Friday, April 13, 2012

Dr. Klumpp reviews countywide judicial results

In peacetime, the old saying goes, generals spend all their time preparing to fight the last war. I suppose we might be accused of doing something similar here, poking amongst the ashes of the March 2012 judicial primary, looking for patterns in the dust that will be helpful in 2014.

But Albert J. Klumpp, PhD, a Research Analyst with the Chicago firm of McDermott Will & Emery LLP, has made a scientific study of results in judicial races, applying statistical principles with academic rigor to produce patterns that can really be used to help predict future outcomes.

Dr. Klumpp recently provided this illustrative table to FWIW to explain his findings. This table looks at countywide contests in 2012, and in the aggregate from 1986 to 2010 (long term) and 2002-2010 (near term).

Female Name14.612.012.2
Irish Name11.411.19.6
Black Name7.18.06.8
Top Ballot Line4.46.78.5
Spending (per $10k above avg.)

Klumpp writes that the numbers in this table are "all percentage-point numbers, as in, percent of the vote." The spending variable is per units of $10,000 above the average spending level within each contest; the person with $100,000 more to spend than the average candidate in his or her race would have 10 times the number shown in the table -- and it would still be a small number.

"Recommendations," Klumpp says, is a composite "that refers to the combined impact of the Chicago Tribune, Chicago Sun-Times, Chicago Bar Association and Chicago Council of Lawyers." If more than one candidate in a race shares one of these advantages -- such as more than one woman or Irish-surnamed candidate in a contest, the statistical advantage is diluted ("divided among them," Klumpp says).

With regard to the 2012-specific numbers, Klumpp worries that the 2012 figures may be based on too small a data set (43 candidates). "But," Klumpp writes, within this limitation, "I think there are three important things in the 2012 numbers. First, the high value for slating -- more than twice as high as in 2010, and one of the highest values in many years. An exceptionally large number of people supported the slated candidates this time." And, Klumpp adds, assuming that all the committeemen remain faithful to the slate, "one of the big perks of being slated is that" the slated candidate ordinarily gets the full advantage of this percentage boost.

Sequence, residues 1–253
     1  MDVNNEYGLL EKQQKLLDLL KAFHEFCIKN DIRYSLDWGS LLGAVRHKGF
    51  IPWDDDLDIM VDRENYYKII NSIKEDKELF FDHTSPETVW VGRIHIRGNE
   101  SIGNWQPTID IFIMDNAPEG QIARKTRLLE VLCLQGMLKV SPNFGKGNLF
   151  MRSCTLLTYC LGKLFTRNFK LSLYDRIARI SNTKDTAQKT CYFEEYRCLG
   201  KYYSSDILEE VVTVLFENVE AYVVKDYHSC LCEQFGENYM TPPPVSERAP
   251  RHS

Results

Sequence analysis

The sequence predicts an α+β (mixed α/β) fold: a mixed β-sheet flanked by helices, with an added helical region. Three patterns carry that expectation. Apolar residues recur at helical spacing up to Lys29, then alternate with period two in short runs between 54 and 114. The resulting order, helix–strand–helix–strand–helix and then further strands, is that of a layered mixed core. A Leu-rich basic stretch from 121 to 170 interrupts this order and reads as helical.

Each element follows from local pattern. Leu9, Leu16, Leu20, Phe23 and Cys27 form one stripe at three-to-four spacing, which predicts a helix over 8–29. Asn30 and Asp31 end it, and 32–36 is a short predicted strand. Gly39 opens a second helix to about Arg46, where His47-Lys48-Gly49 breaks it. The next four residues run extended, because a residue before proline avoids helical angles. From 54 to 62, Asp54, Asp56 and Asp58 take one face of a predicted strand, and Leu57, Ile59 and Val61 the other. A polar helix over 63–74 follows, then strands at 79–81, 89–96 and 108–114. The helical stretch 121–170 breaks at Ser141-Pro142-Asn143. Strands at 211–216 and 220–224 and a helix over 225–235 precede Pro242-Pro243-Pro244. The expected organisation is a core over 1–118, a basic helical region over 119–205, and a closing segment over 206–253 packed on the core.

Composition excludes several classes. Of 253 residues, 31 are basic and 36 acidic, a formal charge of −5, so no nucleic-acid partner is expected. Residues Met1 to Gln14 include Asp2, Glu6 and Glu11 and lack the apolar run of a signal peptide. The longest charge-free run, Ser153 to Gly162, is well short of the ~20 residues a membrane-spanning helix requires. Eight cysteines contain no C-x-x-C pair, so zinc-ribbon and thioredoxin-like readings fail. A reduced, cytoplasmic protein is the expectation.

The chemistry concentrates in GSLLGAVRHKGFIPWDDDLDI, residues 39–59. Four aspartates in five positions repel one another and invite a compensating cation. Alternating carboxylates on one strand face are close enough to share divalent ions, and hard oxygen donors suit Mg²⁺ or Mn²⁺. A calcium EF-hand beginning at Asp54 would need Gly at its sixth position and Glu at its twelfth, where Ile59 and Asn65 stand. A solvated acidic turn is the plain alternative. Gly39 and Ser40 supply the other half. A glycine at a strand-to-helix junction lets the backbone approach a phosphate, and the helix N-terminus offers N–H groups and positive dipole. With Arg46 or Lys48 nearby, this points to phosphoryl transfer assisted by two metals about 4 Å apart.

But what about those instances -- some of which we've been able to document here in post-election posts -- where individual committeemen 'dumped' slated candidates for someone else? We've been able to document instances where, in a given ward, the inclusion of a non-slated candidate on an ward palm card in lieu of a slated candidate has provided a big boost for that candidate vis a vis that candidate's performance in other wards.

Klumpp acknowledged "there are instances in which a ward or township organization will deviate from a party slate, but I haven't seen evidence that it's widespread enough to justify adding into a big-picture model like mine." Does this mean that the occasional deviation from the slate is factored into the overall slating number? Klumpp would not go that far; he preferred to state "the slating measure is strictly a countywide value."

On the other hand, Klumpp stated, "If you can give me evidence that a significant number of local organizations dumped a slated candidate and pushed someone else in a particular contest, then there would have to be an adjustment to the slating variable for that contest -- provided that we can answer the question about what proportion of the voters presented with conflicting slates would use one versus the other." That would be a big and presumably difficult question to answer because, even in wards where committeeman back one or more unslated candidates, voters do receive party mailings that include the orthodox county judicial slate.

Klumpp also sees the large statistical boost for slated candidates as "further evidence of Mayor Emanuel's popularity, beyond the Theis victory."